COLUMNS

Balancing Act: Holiday-lighting competition proves contagious

Pat Snyder
Guest columnist

I had a sneaking suspicion that outdoor holiday lights would be a thing in 2020.

After all, what else is there to do?

Then sure enough, a brochure started circulating around my new neighborhood, announcing a holiday-lighting contest.

Pat Snyder

In addition to luminarias, which reportedly had been lit in years past, we now had an invitation to “decorate the yard and do up the door” and then stroll in masks or cruise in cars from place to place and vote.

Coming from a place that had been fairly light on the lights (I got by with two plastic poinsettia baskets hanging from a bird feeder), the new 2020 light challenge has been intimidating. It would be fair to say I have spent more time figuring out how to light up a very small house than I have on baking or gifting.

It started before Thanksgiving, when the next-door neighbors already had strung lights on their backyard arbor vitae and promised “more to come” in the front yard. I became a little nervous.

“I’ll at least put up a lighted wreath,” I said, and then noticed that the top half of the new front door is sectioned into nine window panes all fronted by a glass storm.

I immediately headed to Pinterest for pictures of wreaths that had been hung easily between nine window panes and a glass storm.

“A lighted swag!” I declared, only to order one that was too fat for the door to close.

I then heard that the previous owners simply had hung a garland around the doorframe.

“Ta-da!” I shouted, gleeful until I noticed that I would have to drill holes in stone to hang it. I can barely drill holes in drywall.

Back online, I soon discovered the EZ Garland Hanger, which relies on a spring-loaded mechanism instead of drilling. It scored five stars for its EZ installation.

With a lighted garland, I’d have outdoor lights. No worries ... until the box arrived. It was big enough to hold a pair of rifles and included numerous parts and a lot of “Important Safety Instructions.” Notably, it mentioned that improper installation could “result in serious injury to people or items.” In deference to the mail carrier and Amazon drivers everywhere, I decided to hire a handyman.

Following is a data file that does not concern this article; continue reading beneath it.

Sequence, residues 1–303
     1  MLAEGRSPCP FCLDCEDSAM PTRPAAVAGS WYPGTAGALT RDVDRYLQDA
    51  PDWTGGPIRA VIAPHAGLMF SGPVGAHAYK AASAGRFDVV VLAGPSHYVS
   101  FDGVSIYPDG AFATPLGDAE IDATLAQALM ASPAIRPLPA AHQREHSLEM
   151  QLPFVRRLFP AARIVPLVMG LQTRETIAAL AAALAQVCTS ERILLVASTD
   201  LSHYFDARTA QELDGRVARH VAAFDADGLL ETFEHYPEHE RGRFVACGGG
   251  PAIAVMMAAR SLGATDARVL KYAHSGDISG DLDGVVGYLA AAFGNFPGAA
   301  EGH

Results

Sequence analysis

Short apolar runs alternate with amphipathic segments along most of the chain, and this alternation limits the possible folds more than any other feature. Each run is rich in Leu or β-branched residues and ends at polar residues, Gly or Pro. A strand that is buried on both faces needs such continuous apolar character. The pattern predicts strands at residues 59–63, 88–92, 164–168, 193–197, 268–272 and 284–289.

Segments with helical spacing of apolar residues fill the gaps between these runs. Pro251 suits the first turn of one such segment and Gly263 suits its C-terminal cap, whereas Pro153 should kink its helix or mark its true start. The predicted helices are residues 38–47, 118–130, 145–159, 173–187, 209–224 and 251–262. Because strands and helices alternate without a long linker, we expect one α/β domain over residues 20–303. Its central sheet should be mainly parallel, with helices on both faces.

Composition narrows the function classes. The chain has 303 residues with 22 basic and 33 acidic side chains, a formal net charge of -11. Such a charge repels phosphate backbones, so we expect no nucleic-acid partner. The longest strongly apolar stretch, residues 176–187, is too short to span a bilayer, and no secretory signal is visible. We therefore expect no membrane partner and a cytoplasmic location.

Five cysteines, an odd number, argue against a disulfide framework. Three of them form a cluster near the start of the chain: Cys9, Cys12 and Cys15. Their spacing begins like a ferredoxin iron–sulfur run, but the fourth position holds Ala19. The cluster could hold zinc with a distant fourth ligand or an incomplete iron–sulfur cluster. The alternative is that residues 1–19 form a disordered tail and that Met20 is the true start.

While I waited for him – with the contest looming and even more lights and wreaths going up next door – I decided the front porch would not be complete without a couple of porch pots containing miniature lit trees. These were simple, out-of-the box décor with battery lights and even a timer. They looked beautiful – until the first wind carried them off the porch and into the front beds.

Online again, I set out on a mission to find pea gravel, which someone suggested would weigh them down. Unfortunately, pea gravel comes mostly in 30-pound bags. I never knew my favorite 2020 Santa would be the merchant who shoveled some gratis from his pea-gravel pile into my mop bucket.

By this time, with garland up and porch pots steady, I decided all I really needed was to wrap the lamp post in a lighted garland and top it with a red ribbon, which I did. No problem.

By then, I should have stopped, but the holiday-lighting competition had infected me like a virus and compelled me to purchase one of those LED projectors that makes it look like it’s snowing without any snow. All I have to do is figure out how to plug it in someplace in the garage and shower the garden with light.

It’s obviously doable. They‘re doing it next door.

Balancing Act author Pat Snyder is a Beechwold resident and life-balance speaker and coach. Read her work at patsnyderonline.com.